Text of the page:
Nafeez Ahmed lays out incoming President Biden’s increasingly urgent options to tackle interacting global crises.
Unless Biden moves toward an economic paradigm shift, continued failures to address the deep ecological drivers of global instability threaten the rise of another Trump-like demagogue.
Scientific evidence over the last five years which I assessed in a new report for the Schumacher Institute suggests that the pandemic didn’t come out of the blue, but is a direct consequence of industrial civilization’s breaching of key planetary boundaries. These are critical natural ecosystems which maintain what scientists describe as the ‘safe operating space’ for human survival on the planet.
COVID-19 suggests that the world economy is now entering a volatile new phase of chronic instability due to the interaction of many crises including climate change, resource bottlenecks, and food system failures. The escalating synergy between these crises, each of which is experiencing its own tipping points, points to the risk we are crossing a planetary threshold in the global system.
The Trump administration emerged from decades of failure to address these underlying drivers of dislocation and division. The more we destabilise those boundaries, the more the safe space for human habitation shrinks.
Prior to 2020, warnings from public health experts of an incoming global pandemic approached a crescendo. These were largely ignored because they were based on the grim recognition that the risks are being driven by the relentless expansion of industrial civilization, including continued population growth, increasing food production, closer transport ties due to globalisation, and the expansion of urban areas into natural wildlife.
Intensifying climate change also plays a compounding role, by forcing disease-hosting species out of their traditional habitats. With up to 600,000 unknown “zoonotic” virus species circulating in wildlife, the risks are enormous. And despite the pandemic’s dampening effect, emissions have continued rising overall – with the next decade or two being pivotal in determining whether or not we trigger a worst-case ‘hothouse earth’ scenario.
Of course, another big driver is tropical deforestation which increases the chance of viruses jumping to human hosts. As deforestation has accelerated in places like Brazil during the pandemic, the result could be a self-reinforcing cycleof worsening disease outbreaks and forest losses.
Now scientists warn that at the current rate of deforestation, industrial civilization faces a 90 percent chance of collapse within decades due to the devastating impacts on key ecosystems.
The COVID-19 crisis, then, is a symptom of an Earth System crisis. In turn, it is accelerating multiple simultaneous breakdowns across the Human System.
The pandemic has forced an already unsustainable global economy into a state of paralysis, while triggering the largest oil price collapse in history. As long-term shut-ins could lead a significant percentage of oil reserves to experience permanent damage, this could be an irreversible turning point for the industry. Meanwhile, global hunger is at record levels amidst strained food supply chains.
The global system is therefore experiencing multiple, simultaneous, interconnected crises, which are converging and amplify one another in what could become a system-wide self-reinforcing feedback process.
That’s why we need a simultaneous whole system transition based on the insight that economic prosperity, public health and ecological health are deeply intertwined: an emergency transition to a ‘lifeboat economy’. Markets cannot thrive when they degrade their own ecological foundations.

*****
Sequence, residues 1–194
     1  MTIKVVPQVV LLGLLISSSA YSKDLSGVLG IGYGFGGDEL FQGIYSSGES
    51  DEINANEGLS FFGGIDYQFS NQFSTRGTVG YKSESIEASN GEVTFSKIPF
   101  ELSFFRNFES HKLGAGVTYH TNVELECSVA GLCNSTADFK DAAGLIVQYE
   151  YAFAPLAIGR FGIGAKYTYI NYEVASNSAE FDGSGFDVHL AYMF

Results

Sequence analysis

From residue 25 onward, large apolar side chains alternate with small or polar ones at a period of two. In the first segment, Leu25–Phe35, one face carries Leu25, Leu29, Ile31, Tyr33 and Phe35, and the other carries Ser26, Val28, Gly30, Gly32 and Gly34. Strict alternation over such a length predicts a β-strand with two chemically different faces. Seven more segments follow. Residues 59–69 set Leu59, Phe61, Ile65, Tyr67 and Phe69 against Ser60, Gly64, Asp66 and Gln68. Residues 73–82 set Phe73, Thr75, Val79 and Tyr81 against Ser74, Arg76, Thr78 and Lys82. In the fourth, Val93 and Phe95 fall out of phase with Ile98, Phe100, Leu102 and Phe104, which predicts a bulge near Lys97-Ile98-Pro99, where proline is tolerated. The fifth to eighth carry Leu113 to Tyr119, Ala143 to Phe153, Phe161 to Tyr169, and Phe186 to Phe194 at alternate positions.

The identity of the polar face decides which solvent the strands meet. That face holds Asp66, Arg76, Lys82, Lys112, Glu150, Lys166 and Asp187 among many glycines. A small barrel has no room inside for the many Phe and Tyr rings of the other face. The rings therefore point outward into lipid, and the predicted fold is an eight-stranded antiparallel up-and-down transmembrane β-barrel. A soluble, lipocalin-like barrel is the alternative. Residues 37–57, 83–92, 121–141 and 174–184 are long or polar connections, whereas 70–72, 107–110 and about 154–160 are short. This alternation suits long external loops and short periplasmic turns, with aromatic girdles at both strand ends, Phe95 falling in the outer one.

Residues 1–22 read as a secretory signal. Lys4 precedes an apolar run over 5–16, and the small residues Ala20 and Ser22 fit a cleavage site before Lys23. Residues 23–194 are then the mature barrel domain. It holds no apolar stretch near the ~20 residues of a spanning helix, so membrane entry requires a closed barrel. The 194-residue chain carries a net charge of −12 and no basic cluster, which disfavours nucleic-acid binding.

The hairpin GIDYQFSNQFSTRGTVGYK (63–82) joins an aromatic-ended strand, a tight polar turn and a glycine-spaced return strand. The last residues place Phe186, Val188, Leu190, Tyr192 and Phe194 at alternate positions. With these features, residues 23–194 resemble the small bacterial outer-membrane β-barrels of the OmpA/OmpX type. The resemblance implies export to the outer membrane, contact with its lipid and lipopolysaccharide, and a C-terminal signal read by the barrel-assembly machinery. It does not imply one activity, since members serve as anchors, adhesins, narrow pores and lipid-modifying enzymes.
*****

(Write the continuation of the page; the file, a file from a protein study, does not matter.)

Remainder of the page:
This opens up an opportunity to rethink our addiction to endless growth premised on material overconsumption, and to embrace the mounting evidence that a good quality of life is available to all within planetary boundaries.
Integral to that is a strategy to address the deforestation driving pandemic risks along with around 15 percent of global carbon emissions. The predominant approach (for instance in the EU) tends to single out one commodity—palm oil. This makes little sense given that beef production is the world’s number one driver of deforestation. A simplistic shift away from palm oil would simply displace demand onto other oilseeds which, however, are less efficient and more land-intensive—potentially driving greater rates of deforestation.
Rather, we need to stop deforestation across all commodities by shifting to more regenerative forms of agriculture, and scaling-up the most successful conservation approaches. In Malaysia, for instance, the rate of deforestation has fallen year on year for the last 5 years largely thanks to its own national certification scheme, MSPO—the world’s first mandatory sustainable palm oil scheme. According to NGO Mighty Earth, such schemes could be used as a “blueprint” to slow deforestation in the Amazon.
How to incentivise and strengthen such schemes? A carrot and stick approach could realign trade deals so that ecological restoration is at their foundation. Trade would then open access to markets from South to North on condition of meeting core targets on sustainable production, while providing a vehicle to export ‘Green New Deal’ innovations from North to South.
Given that just $2 trillion could transition the entire continental United States to a 100 percent solar, wind, and battery storage system producing energy at near-zero costs, the opportunities for this new era of sustainable prosperity are unprecedented. By carefully winding down fossil fuel industries while shifting to proven means of creating sustainable debt-free financing, we could mitigate shocks and maximise jobs.
Biden’s election victory has not vanquished Trumpism. But such a programme of radical structural transformation could well do so by facilitating the emergence of an ‘ecological civilization’ where everyone wins.
By Nafeez Ahmed